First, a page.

We believe councils who are pursuing the implementation of licensing schemes are being socially irresponsible as it needlessly puts vulnerable people at risk of being infected. In this unprecedented situation, landlords and agents are not able to comply with the requirements of the scheme and council resources are unlikely to be able to effectively enforce them.

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06 May 2020
Inquiry into the impact of COVID-19 (Coronavirus) on homelessness and the private rented sector

ARLA Propertymark has responded to the UK Parliament’s Housing, Communities and Local Government Committee’s (HCLG) Inquiry into the impact of Coronavirus on homelessness and the private rented sector.

Our concerns with landlord licensing

Lack of resources
Many licensing schemes fail due to the lack of adequate resources needed to undertake the necessary enforcement activity. Due to the EU Services Directive, the fee to apply for a licence cannot exceed the cost to process the application, meaning that the cost of enforcing the schemes must come from elsewhere. Councils operating licensing schemes have often indicated that the schemes cost more to operate than the funding they receive from licence fees.

Administrative exercise
Licensing schemes focus heavily on the administration involved, often directing staff away from enforcement to process applications. Councils have indicated that processing a single application can take between 15–60 minutes. This can be incredibly time consuming and costly when thousands of properties require licensing.

Penalising compliant landlords and agents
Rogue landlords and agents that the schemes are created to target often continue to operate under the radar. Landlords and agents who are already compliant, pay their licensing fees and fund the administration of the scheme whilst those providing poor housing regularly ignore their legal requirements.

The low number of prosecutions
The Housing and Planning Act 2016 allows civil penalty fines levied for offences in the private rented sector to be retained by the Local Authority for further enforcement. Research conducted in April 2018 by the Housing, Communities and Local Government Committee highlighted that overall local authorities rarely issue landlords and agents with penalties. Existing licensing schemes have demonstrated that only a small number of prosecutions occur. In 2016/17, 50 per cent of all prosecutions (out of 33 boroughs with licensing across England) came from Newham Borough Council.

Propertymark's licensing consultation template
Licensing consultation template.docx

Is a discretionary licensing scheme being consulted on in your area? Edit and submit our Word template to your local authority.

Collaborative approach needed

We believe that local authorities should adopt a collaborative approach with letting agents, landlords, professional bodies and public services to tackle issues within the private rented sector.

This approach recognises and rewards landlords and letting agents who already adhere to good practice and enables local authorities to better target their resources on effective intelligence-led enforcement.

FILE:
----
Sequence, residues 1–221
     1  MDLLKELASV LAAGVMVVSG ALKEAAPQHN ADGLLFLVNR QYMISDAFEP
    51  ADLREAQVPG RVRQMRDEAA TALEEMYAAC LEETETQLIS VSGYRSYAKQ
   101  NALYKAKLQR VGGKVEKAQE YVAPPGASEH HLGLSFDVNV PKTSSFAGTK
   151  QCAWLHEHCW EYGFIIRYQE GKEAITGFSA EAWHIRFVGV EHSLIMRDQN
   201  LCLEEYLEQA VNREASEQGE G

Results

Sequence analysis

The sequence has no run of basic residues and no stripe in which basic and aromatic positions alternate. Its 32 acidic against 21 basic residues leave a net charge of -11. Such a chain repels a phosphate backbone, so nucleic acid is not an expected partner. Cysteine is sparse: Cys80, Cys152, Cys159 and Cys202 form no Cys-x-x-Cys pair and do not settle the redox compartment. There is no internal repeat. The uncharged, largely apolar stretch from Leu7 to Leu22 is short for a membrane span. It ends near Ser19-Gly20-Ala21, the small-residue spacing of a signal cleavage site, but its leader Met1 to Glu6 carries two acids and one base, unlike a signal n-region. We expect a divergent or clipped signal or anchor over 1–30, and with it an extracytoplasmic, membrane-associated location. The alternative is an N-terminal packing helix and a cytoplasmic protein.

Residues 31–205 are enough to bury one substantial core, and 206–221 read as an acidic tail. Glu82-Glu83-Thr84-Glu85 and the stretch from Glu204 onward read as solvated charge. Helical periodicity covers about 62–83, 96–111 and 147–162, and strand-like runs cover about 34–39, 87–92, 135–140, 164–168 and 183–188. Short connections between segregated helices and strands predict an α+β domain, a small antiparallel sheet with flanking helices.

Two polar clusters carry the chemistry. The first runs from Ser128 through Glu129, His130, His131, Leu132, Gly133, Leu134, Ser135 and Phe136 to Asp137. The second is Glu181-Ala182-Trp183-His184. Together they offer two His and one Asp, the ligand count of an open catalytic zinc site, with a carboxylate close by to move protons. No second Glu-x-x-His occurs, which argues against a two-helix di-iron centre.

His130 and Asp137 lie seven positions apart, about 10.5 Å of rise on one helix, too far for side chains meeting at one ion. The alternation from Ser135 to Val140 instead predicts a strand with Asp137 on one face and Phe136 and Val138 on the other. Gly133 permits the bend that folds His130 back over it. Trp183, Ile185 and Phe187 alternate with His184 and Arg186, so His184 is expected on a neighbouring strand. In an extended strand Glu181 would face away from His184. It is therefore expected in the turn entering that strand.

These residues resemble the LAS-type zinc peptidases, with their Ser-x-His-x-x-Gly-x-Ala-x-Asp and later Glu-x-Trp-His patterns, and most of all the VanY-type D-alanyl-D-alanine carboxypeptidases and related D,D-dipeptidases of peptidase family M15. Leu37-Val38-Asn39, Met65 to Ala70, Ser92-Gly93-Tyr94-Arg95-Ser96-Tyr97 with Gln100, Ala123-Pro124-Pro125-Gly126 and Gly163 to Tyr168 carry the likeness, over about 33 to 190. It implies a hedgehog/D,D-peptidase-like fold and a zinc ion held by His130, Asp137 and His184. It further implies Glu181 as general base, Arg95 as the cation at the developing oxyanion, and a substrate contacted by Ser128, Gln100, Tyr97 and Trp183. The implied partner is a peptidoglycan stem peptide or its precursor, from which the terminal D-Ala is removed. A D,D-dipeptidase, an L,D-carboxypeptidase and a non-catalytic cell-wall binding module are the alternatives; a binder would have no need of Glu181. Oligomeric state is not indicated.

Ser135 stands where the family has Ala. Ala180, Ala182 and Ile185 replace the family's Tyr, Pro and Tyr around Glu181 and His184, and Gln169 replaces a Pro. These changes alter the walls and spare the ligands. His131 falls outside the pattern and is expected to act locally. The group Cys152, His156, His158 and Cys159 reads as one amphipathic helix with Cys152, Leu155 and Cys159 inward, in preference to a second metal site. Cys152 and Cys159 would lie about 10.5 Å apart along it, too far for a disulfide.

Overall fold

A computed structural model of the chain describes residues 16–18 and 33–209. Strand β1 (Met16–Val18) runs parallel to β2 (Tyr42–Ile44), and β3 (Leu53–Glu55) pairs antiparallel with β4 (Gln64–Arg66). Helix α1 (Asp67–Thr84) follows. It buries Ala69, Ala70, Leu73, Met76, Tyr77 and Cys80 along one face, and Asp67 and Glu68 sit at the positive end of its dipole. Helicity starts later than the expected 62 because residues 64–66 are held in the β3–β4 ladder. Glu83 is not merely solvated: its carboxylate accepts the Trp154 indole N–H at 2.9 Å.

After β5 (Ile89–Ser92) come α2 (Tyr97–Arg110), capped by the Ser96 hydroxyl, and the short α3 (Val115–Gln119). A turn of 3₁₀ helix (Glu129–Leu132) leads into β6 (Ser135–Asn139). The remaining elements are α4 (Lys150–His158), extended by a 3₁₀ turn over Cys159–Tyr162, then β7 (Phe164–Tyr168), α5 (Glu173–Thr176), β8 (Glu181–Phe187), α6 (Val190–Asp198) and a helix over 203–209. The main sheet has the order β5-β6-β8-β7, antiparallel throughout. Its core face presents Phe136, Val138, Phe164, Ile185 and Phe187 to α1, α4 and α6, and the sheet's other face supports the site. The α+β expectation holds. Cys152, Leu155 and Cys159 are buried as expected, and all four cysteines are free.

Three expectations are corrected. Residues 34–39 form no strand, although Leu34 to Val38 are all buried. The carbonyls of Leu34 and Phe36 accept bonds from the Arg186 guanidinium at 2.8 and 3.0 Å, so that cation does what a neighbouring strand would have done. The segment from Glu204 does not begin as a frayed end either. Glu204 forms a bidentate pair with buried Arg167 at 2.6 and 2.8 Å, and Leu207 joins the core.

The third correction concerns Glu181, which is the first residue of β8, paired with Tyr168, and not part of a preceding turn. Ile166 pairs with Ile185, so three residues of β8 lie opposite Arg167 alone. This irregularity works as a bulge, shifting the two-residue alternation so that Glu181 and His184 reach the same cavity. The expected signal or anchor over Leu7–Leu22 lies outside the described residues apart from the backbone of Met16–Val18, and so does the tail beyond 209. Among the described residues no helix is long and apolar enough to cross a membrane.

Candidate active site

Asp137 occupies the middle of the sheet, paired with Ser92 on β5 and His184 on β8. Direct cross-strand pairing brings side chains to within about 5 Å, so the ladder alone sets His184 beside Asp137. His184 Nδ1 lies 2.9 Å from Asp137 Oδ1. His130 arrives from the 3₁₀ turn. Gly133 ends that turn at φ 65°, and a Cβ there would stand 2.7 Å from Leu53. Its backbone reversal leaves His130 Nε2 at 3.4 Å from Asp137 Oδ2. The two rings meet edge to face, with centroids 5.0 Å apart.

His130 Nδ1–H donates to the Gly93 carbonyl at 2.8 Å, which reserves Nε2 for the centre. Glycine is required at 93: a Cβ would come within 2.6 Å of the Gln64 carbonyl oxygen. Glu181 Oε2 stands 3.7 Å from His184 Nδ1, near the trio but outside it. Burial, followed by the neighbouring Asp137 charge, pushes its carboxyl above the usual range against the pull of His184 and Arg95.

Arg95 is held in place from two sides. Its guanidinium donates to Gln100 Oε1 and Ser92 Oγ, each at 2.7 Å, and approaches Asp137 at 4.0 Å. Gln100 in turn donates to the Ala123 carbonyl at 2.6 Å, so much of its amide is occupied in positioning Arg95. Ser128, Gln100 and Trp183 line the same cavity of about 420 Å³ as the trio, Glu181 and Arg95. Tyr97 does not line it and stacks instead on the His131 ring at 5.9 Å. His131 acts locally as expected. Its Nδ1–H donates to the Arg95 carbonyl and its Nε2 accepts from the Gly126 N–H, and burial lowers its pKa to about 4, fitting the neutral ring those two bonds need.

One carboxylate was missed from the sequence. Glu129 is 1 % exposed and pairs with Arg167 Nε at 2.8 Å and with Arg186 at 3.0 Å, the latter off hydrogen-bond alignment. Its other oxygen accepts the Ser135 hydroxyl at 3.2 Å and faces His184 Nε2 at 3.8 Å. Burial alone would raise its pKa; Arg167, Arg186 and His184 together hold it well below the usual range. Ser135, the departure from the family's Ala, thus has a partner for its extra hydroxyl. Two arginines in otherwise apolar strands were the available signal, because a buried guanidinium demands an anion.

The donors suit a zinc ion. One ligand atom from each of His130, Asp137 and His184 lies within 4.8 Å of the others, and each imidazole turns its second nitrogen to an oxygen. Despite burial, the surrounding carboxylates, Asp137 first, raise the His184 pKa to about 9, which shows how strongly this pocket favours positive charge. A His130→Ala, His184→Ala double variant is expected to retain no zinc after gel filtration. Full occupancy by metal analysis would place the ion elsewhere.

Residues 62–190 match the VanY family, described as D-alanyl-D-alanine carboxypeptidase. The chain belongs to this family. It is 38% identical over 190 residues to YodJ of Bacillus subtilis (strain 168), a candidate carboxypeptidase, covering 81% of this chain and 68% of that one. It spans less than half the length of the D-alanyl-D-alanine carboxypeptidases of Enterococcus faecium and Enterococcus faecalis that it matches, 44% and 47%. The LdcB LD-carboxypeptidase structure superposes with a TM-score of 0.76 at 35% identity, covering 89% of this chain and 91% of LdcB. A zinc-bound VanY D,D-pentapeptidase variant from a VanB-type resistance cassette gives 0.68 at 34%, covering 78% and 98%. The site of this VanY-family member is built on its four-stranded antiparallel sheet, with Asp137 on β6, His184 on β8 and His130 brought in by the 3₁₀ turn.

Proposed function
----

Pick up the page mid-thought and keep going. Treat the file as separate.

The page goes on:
Homestamp is a collaborative approach in the West Midlands which we partner. The initiative combines local authorities, private rented sector bodies, universities, the police and fire services. Homestamp considers regional and national issues affecting the sector alongside providing information and training for landlords, addressing potential issues before they arise. Coincidentally, the West Midlands has the lowest level of licensing in England.

Until March 2020 ARLA Propertymark had a co-regulation partnership with Liverpool City Council. The scheme allowed the council to effectively target their resources and rewarded our members who already adhere to high standards. Landlords who opted to use our members also received a discount incentive on licensing fees.

The London Rental Standard ran from 2014 to 2017, we were appointed as one of the accrediting bodies to the scheme by the former London Mayor. The voluntary set of minimum rules separated out agents and landlords performing their duties to a high professional standard, allowing scarce local authority resources to be directed towards inadequate landlords and letting agents.

Is your local authority continuing with the implementation of a new licensing scheme?

Contact us at [email protected] with your concerns and we will lobby them to pause the introduction of the scheme while the Coronavirus pandemic continues.

We have responded to proposals from Liverpool City Council, Oxford City Council, Doncaster Council, Gedling Borough Council, and Southend-on-Sea Borough Council, reminding local authorities about guidance issued by the Ministry of Housing, Communities and Local Government on the need to take a pragmatic approach to the introduction of schemes, as well as a common-sense approach to enforcement.  

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Timothy Douglas Policy and Campaigns Manager | Propertymark